- Limited transport options, including poor bus services, particularly for rural parts of the county which present significant barriers for young people seeking access to education, training or employment opportunities.
- The overall low number of residents from ethnic minorities within parts of the County can serve to further disengage and isolate those young people from ethic minority groups.
- The lack of recognition within Government funding options of the specific challenges faced by rural areas, which are distinct from those within cities.
Impacts and outcomes
The types of activity grounded in the model and subsequent impacts can be illustrated through a number of case studies, outlined below.
- Spaces and places: As a result of creating a flexible, friendly, open and accessible space in Shirebrook, a young woman was supported to build her confidence and test out her cooking and hospitality skills. Invited guests were used as a vehicle to try out menus and to taste and critique the meals that were prepared. This resulted in a growth in confidence, expertise and understanding of customer needs. The experience helped her gain employment as an assistant manager in a new food outlet in her town.
- Connected team: The community drop-in is a session in Shirebrook supported by various people from different organisations each week. People and organisations come together and help with issues and/or opportunities that present themselves and sessions promote valuable networking in the local community. One young man had secured an apprenticeship but could not get to his new place of work due to lack of funding or resources and was thus looking for support. A member of the local connected team went through his options with him. The Connected Team member advocated for him at a meeting with the bank which resulted in an immediate interest-free overdraft being offered. This was a great outcome for him, which illustrated the benefits and added value of working collaboratively and flexibly as a Connected Team.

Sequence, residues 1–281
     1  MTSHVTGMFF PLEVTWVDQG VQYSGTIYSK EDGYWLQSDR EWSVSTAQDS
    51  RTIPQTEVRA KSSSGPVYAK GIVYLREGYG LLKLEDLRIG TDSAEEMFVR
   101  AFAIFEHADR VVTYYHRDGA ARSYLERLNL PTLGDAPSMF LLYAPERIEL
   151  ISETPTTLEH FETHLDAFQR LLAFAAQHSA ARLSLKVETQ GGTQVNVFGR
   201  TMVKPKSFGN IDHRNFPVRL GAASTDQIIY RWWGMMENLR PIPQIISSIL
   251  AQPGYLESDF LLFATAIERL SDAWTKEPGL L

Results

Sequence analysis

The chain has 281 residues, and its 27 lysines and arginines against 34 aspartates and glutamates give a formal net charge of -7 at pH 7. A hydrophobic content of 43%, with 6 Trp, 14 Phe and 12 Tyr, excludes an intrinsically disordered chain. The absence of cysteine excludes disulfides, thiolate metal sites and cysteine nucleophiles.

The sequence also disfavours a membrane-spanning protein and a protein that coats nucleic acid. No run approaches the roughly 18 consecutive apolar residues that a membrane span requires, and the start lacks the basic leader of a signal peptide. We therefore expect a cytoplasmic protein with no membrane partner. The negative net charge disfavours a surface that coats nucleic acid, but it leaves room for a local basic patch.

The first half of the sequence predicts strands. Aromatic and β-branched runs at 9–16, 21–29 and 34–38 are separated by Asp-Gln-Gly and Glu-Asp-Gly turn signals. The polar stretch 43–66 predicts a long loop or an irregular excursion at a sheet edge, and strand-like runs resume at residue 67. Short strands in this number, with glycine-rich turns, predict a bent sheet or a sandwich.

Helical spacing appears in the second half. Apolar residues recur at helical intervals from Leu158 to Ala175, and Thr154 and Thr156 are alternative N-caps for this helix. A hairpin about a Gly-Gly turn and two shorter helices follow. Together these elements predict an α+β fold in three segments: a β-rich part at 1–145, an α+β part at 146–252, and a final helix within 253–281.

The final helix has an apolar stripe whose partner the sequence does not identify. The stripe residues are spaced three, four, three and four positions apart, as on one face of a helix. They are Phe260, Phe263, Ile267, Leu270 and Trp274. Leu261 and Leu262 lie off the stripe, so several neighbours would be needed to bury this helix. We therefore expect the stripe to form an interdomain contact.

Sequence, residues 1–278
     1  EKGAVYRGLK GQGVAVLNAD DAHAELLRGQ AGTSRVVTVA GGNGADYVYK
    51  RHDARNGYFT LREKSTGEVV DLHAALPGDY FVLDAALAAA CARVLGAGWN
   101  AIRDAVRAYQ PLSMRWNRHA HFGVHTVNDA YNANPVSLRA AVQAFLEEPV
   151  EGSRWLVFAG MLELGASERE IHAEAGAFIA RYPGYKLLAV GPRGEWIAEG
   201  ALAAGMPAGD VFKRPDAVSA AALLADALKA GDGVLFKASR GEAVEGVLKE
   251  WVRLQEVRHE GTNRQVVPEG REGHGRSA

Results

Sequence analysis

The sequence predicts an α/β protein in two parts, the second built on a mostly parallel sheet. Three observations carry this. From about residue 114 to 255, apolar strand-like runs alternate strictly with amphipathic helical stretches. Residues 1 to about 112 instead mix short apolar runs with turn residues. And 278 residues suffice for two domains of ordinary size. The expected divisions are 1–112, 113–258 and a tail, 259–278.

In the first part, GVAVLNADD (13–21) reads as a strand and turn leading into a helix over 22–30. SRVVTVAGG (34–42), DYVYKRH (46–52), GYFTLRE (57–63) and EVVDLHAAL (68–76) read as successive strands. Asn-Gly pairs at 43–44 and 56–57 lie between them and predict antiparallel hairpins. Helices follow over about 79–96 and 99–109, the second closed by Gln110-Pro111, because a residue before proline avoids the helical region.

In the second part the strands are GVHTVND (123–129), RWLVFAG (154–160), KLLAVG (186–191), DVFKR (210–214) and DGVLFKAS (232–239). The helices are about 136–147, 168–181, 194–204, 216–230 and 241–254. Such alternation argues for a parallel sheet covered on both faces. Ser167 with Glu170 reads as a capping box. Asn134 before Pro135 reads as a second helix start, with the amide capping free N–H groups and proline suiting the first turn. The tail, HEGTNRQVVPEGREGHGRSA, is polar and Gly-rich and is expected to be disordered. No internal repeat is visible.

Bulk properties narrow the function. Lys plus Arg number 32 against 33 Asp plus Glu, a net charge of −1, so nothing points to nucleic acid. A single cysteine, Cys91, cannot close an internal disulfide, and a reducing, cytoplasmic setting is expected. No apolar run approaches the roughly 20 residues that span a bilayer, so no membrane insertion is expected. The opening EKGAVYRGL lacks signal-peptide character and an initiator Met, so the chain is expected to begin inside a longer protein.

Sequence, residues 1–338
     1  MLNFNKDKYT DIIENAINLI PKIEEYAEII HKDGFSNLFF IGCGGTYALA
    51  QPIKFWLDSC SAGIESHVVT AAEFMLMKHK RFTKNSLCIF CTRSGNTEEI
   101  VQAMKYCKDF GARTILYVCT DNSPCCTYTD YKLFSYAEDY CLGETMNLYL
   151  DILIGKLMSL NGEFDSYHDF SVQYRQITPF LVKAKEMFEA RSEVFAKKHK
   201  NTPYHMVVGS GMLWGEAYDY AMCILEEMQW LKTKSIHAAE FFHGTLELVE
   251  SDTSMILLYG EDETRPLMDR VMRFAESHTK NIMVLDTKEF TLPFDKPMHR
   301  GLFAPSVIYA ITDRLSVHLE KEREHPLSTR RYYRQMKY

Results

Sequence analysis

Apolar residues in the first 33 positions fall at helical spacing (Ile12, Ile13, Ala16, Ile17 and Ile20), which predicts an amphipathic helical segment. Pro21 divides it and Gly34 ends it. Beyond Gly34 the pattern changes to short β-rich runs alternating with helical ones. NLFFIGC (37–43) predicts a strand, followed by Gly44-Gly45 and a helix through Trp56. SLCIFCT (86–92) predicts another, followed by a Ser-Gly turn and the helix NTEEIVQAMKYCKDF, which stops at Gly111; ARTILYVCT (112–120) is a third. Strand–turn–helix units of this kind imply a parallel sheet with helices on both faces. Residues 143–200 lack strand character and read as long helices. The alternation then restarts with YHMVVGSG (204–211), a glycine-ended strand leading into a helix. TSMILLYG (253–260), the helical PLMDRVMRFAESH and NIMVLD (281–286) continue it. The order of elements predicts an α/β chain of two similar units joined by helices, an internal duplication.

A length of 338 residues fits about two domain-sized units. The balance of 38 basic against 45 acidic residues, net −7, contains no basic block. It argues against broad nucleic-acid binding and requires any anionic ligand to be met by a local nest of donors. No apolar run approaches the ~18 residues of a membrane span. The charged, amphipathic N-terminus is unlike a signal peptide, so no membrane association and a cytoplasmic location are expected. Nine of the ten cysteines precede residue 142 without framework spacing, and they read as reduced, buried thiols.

- Coaching: One man was supported and coached over a long period of time, both directly and indirectly. He used to attend a youth group and lacked confidence and had a low perception of himself. Through extensive coaching sessions and providing opportunities for him to try new things and take on responsibilities, his confidence grew and realised the potential that he had. His first step into employment was volunteering but this led to a full-time career in health and social care.
Successes and lessons learnt
Despite the challenges posed to face-to-face, community-led delivery due to the Covid crisis in Thriving Communities areas, there has been the continuation of community events and local initiatives which help to respond to local need.
Working directly in open dialogue with community members has brought about cultural change within ICT, legal, finance and corporate property teams and influenced the development of plans and strategies, including the production of a cross-departmental Business Case to invest in improvements to the community space in Shirebrook.
There has been a knock-on effect of increased workforce confidence to build relationships with communities, explore problems together openly from the outset and create solutions which are of benefit to both community and system. Work on homelessness has begun. Staff have been trained to undertake ‘day in the life’ ethnographic research. This will help to understand the support needed for adults and young people with chaotic lives (often with history of trauma) who cycle back into high-cost services over again.
Ashbourne and surrounding areas provide the chance to look at issues around rurality and the role of market towns in servicing the surrounding isolated people and villages. Langley Mill will show how the system can support thriving volunteer-led support currently operating in isolation, from the local church.
Connections with activity on the Hurst Farm Estate in Matlock will also help to understand the public sector role in helping to grow community enterprises.